Since the early 1970s, the Livestock Marketing Information Center (LMIC) has estimated cow/calf returns over cash costs plus pasture rent based on typical production and marketing practices in the Southern Plains, but does not include other economic costs like family labor and management.
As with the prior week, cash fed trade developed earlier than usual last week. A trickle of trade began Tuesday with Wednesday seeing the majority of trend-setting prices. Trade on Thursday was in clean-up mode as almost 70,000 head were confirmed sold week-to-date.
With all the rain in July, things are looking a little more optimistic for wheat and stocker cattle operators than in the past four years in the Rolling Plains of Texas and southern Oklahoma, according to a Texas A&M AgriLife Extension Service specialist.
The tax law defines a hedge as a transaction in the normal course of business to minimize the risk of price change with respect to inventory or supplies. This requires a producer to have a hedging position that’s opposite the physical position on the farm and within normal production ranges.
The rollback in price between stocker purchase price and feeder sales price, along with overall price level, is the principal determinant of the gross margin, i.e., value of gain, for stocker production. For example, Oklahoma feeder prices last week indicated that the value of 250 pounds of gain for a 450-pound steer was $1.
Japan banned beef from the U.S. and Canada in 2003 because of BSE. The beef came back in 2006, albeit limited to meat taken from cattle aged up to 20 months as an anti-BSE measure. Certain “specified risk materials” (SRMs) with high risk of carrying BSE were also forbidden.
As with July, the August World Agricultural Supply and Demand Estimates (WASDE) report showed most things up from previous estimates. Production estimates for beef, the other major competing proteins, corn, and soybeans were all up for 2014, and up for most in 2015.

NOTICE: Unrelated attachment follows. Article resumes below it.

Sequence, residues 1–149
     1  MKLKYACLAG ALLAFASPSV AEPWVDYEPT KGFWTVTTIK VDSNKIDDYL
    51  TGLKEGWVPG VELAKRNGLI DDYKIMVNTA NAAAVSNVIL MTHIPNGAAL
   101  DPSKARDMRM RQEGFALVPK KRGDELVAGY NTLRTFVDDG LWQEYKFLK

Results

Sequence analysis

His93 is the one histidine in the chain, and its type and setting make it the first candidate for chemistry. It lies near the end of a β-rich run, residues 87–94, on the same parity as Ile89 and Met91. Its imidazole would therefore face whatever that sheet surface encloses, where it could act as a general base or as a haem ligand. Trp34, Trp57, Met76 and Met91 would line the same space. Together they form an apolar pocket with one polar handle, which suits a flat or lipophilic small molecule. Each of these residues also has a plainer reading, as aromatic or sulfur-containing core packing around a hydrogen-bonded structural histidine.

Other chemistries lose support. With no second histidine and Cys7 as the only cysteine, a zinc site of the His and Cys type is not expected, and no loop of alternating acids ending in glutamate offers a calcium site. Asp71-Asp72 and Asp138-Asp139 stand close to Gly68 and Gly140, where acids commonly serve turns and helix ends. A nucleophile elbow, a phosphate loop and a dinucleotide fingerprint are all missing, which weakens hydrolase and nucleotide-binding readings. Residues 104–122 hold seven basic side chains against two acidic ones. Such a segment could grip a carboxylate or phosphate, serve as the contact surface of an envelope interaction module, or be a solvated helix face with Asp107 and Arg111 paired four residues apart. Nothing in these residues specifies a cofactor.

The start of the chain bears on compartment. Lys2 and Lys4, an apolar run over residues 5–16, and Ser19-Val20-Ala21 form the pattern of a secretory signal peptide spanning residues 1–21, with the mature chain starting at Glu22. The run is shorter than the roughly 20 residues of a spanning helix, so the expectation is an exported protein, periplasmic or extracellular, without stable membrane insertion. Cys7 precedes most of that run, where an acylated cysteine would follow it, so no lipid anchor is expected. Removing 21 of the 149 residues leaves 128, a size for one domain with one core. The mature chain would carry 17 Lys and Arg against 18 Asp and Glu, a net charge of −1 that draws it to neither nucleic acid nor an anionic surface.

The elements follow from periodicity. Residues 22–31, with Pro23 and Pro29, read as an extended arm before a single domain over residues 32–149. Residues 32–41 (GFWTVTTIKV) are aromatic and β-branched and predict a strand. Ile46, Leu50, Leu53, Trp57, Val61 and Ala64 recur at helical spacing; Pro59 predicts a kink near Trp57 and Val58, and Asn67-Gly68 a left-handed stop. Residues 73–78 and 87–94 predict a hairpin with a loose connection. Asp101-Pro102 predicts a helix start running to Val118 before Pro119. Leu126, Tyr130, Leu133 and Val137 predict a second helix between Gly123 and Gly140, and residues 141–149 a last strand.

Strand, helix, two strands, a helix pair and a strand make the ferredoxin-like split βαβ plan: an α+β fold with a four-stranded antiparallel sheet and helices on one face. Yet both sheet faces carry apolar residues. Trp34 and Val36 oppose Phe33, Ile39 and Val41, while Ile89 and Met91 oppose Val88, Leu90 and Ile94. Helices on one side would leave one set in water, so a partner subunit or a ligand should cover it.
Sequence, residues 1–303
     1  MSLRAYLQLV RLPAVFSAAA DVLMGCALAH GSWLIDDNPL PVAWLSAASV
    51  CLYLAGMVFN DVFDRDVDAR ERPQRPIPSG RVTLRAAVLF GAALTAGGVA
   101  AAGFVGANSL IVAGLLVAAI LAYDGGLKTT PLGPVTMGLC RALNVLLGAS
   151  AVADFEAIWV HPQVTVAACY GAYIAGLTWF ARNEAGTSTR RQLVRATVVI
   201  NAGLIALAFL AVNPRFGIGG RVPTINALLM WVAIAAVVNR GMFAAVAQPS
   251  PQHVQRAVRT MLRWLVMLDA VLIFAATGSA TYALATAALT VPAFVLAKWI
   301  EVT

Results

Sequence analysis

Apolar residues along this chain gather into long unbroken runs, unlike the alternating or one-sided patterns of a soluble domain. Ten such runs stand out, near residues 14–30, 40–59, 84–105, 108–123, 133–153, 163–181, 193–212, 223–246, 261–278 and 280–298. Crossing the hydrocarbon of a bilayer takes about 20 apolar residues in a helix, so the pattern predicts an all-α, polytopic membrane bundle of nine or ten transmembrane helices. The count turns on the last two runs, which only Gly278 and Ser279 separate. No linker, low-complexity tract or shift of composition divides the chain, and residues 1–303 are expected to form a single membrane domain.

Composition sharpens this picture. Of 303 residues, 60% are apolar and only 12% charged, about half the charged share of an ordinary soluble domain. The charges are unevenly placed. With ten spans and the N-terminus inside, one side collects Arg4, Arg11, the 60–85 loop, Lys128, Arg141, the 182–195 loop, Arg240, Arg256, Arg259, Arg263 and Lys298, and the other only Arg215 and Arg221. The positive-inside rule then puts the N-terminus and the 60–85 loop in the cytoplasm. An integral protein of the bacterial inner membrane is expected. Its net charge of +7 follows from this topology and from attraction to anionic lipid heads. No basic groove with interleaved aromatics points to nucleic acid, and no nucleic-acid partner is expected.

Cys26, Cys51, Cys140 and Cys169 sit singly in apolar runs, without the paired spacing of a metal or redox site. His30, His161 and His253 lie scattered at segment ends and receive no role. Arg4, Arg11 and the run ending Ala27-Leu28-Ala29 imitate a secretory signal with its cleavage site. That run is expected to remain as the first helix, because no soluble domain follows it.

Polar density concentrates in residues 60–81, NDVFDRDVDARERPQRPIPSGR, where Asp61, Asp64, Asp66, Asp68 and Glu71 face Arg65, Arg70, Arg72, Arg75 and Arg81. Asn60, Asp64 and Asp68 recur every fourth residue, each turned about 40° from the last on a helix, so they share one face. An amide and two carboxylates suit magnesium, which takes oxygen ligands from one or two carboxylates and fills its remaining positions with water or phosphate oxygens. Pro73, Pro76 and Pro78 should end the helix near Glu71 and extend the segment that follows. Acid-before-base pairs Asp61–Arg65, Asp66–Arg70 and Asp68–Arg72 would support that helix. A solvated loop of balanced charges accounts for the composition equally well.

The cash fed trade developed earlier last week than usual, though the prices left a lot to be desired from the cattle feeders’ perspective. Tuesday saw a surprising number of cattle trade in the Corn Belt at $154-155 live and $245-248 dressed. This was lower than the prior week’s cash trade, which was itself lower than the week before that.
Beef exports were up 5 percent in volume; 106,609 metric tons (mt) which equals 2,204.622 pounds) in June and set a new monthly value record of $631.7 million ( 12 percent). First-half export value also set a new record of $3.27 billion ( 16 percent).
Cash fed cattle trade took its own time in happening last week. By close of the markets on Thursday, 18,288 head had been confirmed sold over the course of the week—not exactly sluggish, but not overly speedy either. The bulk of that volume traded Thursday at $159-162 live and $253-255 dressed, steady to down $4 in both areas.
Good said the industry is accelerating the rate of expansion, and “it’s a great opportunity to take advantage of the trend.” However, while the fundamentals are “friendly,” he said, “the market will have a correction.” And that correction could be soon.
Cash fed trade was slow to develop last week as packers, reportedly flush with cattle sufficient for their reduced production rates, were content to let the cash market cool off. Analysts expected trade to be steady with the prior week’s $160-165 live and $255-262 dressed.
Two key cattle reports were released at the end of July: the biannual Cattle Inventory report and the monthly Cattle on Feed report. The reports were called bullish with both the Inventory report showing continued tightening of the cattle herd and the Cattle on Feed report showing decreased populations, placements, and marketing activity.
Corn importers don’t have to look far for supplies, either. With China’s hesitance to take U.S. corn, due to that country’s failure to approve corn with the MIR162, South Korea is enjoying the availability of Asia-bound freighters and lower prices. Imports of dried distillers grains with solubles (DDGS) also are doubling.
The number of cattle slaughtered is 5.7 percent lower than last year. Plain says the drop in cow and heifer slaughter has tightened up the beef supply, driving up prices. With high feeder cattle prices and good pastures, producers are now looking to increase the breeding herd, which eventually will bring prices down.
The most recent World Agricultural Supply and Demand Estimates report showed an increase in many things. Beef production and availability was up. Soybean acres increased. Ending stocks of corn went up… again.
The cash fed cattle market developed reasonably early contrary to expectation. The majority of the purchasing occurred on Wednesday with clean-up trade on Thursday. The prices were mostly in line with expectations, at least at the beginning.
Most all of Oklahoma received considerable rain from late May into early July. This resulted in much needed forage growth in all regions, including some of the worst drought areas. However, the heat of summer has arrived in July and forage growth has slowed abruptly.